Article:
After the cold start, evaluate how it felt. Was my grip feeling good out of the holster? Were my eyes picking up the center of each target? Was I shooting subconsciously, and did I shoot the plan?  Where did I think my shots went, and more importantly, where did they actually go? Use this as data for a future training session.

Now we have completed our dryfire warm up and cold start. Depending on where we’re at in the season, I’ll do a short fundamentals check. Shooting a few pairs at different distances assures I am shooting at sights pace and my grip is producing a linear sight path. On a day that focuses on movement, using poor fundamentals could reinforce bad habits. This is the reason behind a fundamentals check. Shooting a few magazines to make sure everything is locked in is worth it. It’s now time for the meat of my practice session.

As a match approaches, I will simulate mini stages and practice executing on demand. Each run I’ll pick and memorize a different sequence to shoot. Outside of simulated scenarios before a big match, I primarily focus on single- and multiple-target engagements along with movement. I’ll pick a few various drills or short courses that focus on a particular skill to improve upon. For single-target engagements, I’ll pick drills that focus on grip/stance, trigger control, or vision, focusing on this heavily early in the season’s progression. Multiple-target engagements focus on engaging arrays with accuracy and efficiency. Changing the distance and difficulty of targets and snapping from the center of each use what I learned on single-target engagements to hit the center. For movement, I focus on how to enter and exit positions and cover the distance in between. I’ll use cones or barricades to simulate positions. This is also a good time to practice shooting on the move. That’s a basic outline of some of the “meat” of a practice session and days could be spent talking about drills and skills for this, but there are many qualified instructors, series of books, and online series that provide greater detail.

After completing the main portion of my training, I’ll always end with right- and left-hand only (strong- and weak-hand) training. I leave 3–4 magazines to dedicate for this training at the end of my practice. Since we shoot 99.99 percent of our shots with both hands, we often neglect training our single-hand shots. Baking this into each practice ensures this skill receives attention and can help separate oneself in the match. I suggest keeping a journal to recap the training session, what was worked on, how many rounds were shot on what gun, and notes for the next practice session. Last, but not least, I’ll sweep and pick up my brass to clean and get loaded on my Dillon Precision RL1100. During this time, I think about my upcoming matches and goals for the year.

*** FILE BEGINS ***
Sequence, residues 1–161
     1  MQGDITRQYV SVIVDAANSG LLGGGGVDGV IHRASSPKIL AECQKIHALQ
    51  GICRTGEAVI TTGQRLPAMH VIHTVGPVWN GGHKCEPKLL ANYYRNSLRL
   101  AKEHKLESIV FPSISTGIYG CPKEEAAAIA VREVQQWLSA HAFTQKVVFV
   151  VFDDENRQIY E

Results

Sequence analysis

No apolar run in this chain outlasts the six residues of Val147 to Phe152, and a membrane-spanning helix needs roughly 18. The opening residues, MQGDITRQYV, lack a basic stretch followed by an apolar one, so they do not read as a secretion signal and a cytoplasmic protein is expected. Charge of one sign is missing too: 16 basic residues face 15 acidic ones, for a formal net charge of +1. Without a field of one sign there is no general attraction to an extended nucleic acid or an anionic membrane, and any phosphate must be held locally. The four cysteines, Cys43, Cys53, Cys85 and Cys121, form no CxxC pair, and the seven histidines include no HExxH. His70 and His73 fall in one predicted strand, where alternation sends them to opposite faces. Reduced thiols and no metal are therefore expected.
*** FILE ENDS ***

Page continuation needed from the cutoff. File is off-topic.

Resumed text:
Now that we’ve covered the overall structure, it’s important to discuss some guidelines and advice for your training. Practice things harder than what you’ll see in a match. Practice what you failed on in your last match. Practice what scares you and shakes your confidence. Shooting at 10 yards and hosing rounds across the range may feel great, but doesn’t help you get better. Constantly pushing your boundaries and working outside your comfort zone is essential for growth. You should prepare for everything you’ll encounter in a match. Practice small steel at distance, prone position, unloaded starts, and you’ll find an edge.

Each practice must have a purpose, and you must come with a plan. Practice sessions that lack a plan often turn into 10-yard hosing practice, which will stunt your growth. Similarly, every round fired in your practice must have a purpose. After shooting them, you must assess how it felt and what you called (meaning where were the sights on the target when the bullet left the barrel and the sights lifted). Before a training session, make sure to come prepared. Make sure your gear is cleaned and magazines are loaded. I preload all my magazines before I arrive to maximize my time on the range and focus on the training. I keep of list of accessories and gear to bring to make sure I have everything. Leaving a stapler or target stands at home always makes for a tough practice session.

Video analysis has been helpful for my development. If you train with a partner, have them record runs. If you’re shooting solo, a tripod works great. Finding a good training partner (or partners) is great to help keep you accountable, develop range comradery, and share ideas. I’ve been very lucky to train with a group of great people and a few GMs starting out, and now I primarily shoot solo or with a good LE friend of mine. We balance catching up and overall camaraderie, while still pushing each other and getting great training.